How many lumens?

We get this question all the time and we’ve never published any official numbers.

It’s a pity that ‘lumens’ is such a popular measurement for comparing lights. Lumens gives you a number for the total amount of light energy but it tells you nothing about chromaticity, smoothness, angle, and intensity. It is especially painful that most manufacturers don’t give honest numbers anyway.

So before we tell you how many lumens you’ll get out of a Spikelight, we’ll look at some pictures and have a short lesson in light beams.

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User Interfaces

Some people have asked about the different User Interfaces that they can choose with the V3.

At this time, there are three options.

  • Competition
  • Competition + Extras
  • Simple

In my mind the ‘Competition’ versions are the best.  They are the easiest ones to use during a race because you can always get to the beam you want quickly.  Some people don’t like it because it’s not just a simple on/off and you can get lost if you don’t remember what the different clicks and double clicks do.  So for people who don’t like to learn new things, there’s the ‘Simple’ version.  This post will give some diagrams and a video to help you work out which one you like.

The V3 Release!

This weekend I’ll be showing off the finished V3 Spikelights for the first time at the upside down rogaine in WA.  After that, I’ll take a few pictures to put up on the blog.

So if you’re at the rogaine, feel free to drop in and have a look.  I’ll have a green sunshade/gazebo and a green Landrover Discovery, so it shouldn’t be too hard to find me.

See you there!

18650 Energy Cells: What V3 users will need to know.

Rechargable-Lithium-CellsThe V3 Spikelights will be powered by a very special energy cell that will be whole new experience for most users (who aren’t electronics-nerds). It’s called the ’18650′ cell.

If you like to carry a spare battery with you, then I can confidently say, that spare 18650 cells are lighter, smaller and cheaper than any other headlight battery on the planet (for the same amount of energy stored).

Better yet, you can buy them all over the world in a very competitive market. Other high-end headlight manufacturers force you to use their own special-shaped battery. This means you have no control over the quality or the price – and if they stop selling them oneday, then that’s just too bad!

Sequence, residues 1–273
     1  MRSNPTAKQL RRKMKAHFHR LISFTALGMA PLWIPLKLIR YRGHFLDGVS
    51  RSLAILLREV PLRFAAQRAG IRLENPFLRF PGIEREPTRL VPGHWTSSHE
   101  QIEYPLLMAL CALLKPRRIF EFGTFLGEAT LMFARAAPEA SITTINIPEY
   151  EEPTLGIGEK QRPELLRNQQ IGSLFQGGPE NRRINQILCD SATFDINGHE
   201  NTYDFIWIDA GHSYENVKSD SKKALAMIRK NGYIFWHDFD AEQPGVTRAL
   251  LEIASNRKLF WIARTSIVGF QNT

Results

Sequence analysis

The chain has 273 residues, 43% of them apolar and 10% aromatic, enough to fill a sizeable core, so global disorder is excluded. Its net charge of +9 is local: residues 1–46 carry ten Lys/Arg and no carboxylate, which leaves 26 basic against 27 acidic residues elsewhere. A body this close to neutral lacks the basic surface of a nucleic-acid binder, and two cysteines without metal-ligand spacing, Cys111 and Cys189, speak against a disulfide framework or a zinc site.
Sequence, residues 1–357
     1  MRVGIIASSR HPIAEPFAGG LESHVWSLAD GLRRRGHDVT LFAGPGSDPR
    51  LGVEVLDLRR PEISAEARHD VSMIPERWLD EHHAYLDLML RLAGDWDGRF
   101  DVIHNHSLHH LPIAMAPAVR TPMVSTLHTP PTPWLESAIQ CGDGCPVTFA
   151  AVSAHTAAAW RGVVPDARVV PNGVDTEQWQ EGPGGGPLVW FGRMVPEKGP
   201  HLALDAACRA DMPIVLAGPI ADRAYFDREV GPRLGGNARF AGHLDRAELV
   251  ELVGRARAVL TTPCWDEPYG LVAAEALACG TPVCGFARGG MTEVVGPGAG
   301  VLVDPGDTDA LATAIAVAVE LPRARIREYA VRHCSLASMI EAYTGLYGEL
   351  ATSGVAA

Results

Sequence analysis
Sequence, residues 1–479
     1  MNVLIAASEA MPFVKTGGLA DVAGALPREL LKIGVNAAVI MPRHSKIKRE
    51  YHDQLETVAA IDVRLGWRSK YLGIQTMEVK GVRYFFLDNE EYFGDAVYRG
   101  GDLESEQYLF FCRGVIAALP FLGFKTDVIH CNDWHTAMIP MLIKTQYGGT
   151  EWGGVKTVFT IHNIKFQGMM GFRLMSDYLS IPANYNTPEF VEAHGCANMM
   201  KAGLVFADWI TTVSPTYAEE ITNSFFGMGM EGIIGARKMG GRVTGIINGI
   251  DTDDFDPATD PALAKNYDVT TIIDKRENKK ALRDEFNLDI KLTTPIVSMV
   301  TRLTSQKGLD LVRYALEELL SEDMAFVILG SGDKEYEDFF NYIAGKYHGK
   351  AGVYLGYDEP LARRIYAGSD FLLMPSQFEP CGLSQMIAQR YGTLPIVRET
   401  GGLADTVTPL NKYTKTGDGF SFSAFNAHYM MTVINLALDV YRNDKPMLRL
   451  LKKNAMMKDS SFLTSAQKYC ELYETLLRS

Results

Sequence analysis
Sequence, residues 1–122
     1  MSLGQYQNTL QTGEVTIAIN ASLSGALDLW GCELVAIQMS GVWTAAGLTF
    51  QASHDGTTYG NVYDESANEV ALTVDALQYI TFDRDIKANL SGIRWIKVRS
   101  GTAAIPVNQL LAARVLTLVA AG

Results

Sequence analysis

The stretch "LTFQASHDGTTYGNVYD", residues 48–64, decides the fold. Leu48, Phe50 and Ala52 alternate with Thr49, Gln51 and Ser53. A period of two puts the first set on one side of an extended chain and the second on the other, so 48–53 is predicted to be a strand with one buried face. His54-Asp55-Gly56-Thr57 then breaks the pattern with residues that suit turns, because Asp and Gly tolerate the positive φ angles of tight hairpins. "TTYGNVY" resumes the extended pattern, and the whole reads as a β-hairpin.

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A look at the old: The V2 Spikelight

The very new and vastly improved V3 Spikelight is almost here so I thought I’d better do a quick write-up on the old V2. This will just be a review of the stats and show how the second of my headlights motivated certain aspects of the third.

Here she is in all her glory: The V2 Spikelight!


Perhaps not the prettiest girl in school, but plenty of fun.  This one has been in constant use for about 18 months now.  Swimming, paddling, running, cycling – it certainly hasn’t been sitting on the shelf.  No makeup or digital retouching here, this is what real headlights look like. Don’t look too close at the headband (it started out white).

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The V1 Spikelight

undefinedI’m not very creative. The first headlight we sold got the name V1 as in Version-One. As it developed I gave them new names like the V1.2, V1.3, then we jumped to V1.5 andV1.6 but I don’t think anyone ever really cared. They just ran into the bush and started playing with the things.

The V1 family are all sold out now. You can’t buy one so don’t try. I don’t even have one for myself which is a pity. At some point I may try to trade one back from an early customer.

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Design Philosophies

Right from the start we had a few aims and at their core they haven’t changed much.  Some of these have been real challenges to achieve and it’s easy to see why not every headlight manufacturer has all of these on their list.

They basically revolve around the rogaining / adventure racing aims and we were not willing to compromise in order to get into other markets.  These lights won’t appeal to your average camper who wants to hold a beer in one hand and flip hamburgers on the BBQ with the other.  So we’re missing out on a huge portion of the market, but instead we want to nail the niche.  Of course, even though it’s been hard, designing has been a lot of fun because we are the niche market ourselves.  We didn’t need to go and do surveys because we designed what we and our friends have been looking for.

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Zooms, LEDs and my dad’s head. How did Spikelights get started?

The mighty Petzl Zoom!My dad and I took up rogaining (24 hr cross-country navigation) back in 1998.  At the time I was a highschooler and it was a pretty good sport for a father and son team to do together.  On our first event we walked about 60km and spent a lot of time in the dark.  We carried these great big 6V dolphin torches which had a great beam of light, but my word they were heavy!  Cumbersome too!  You had to carry them in your hands along with your map and compass and it made it very hard to get a muesli bar out of your pocket.

Then we noticed that everyone else had these stupid-looking lights attached to their heads.  So for my birthday, Dad got me my very own ‘Petzl Zoom’.  It was the best headlight in the world!  Nothing could compare.  You screwed it in for a wide beam and out to focus it.  Everyone at the time seemed to have one.  The standard procedure was to throw away the bulb that came with it and upgrade to a halogen.  The halogen put out much more light but it chewed through your battery quicker too.  It was a huge and clunky thing by today’s standards but nothing else came close to it in raw power.

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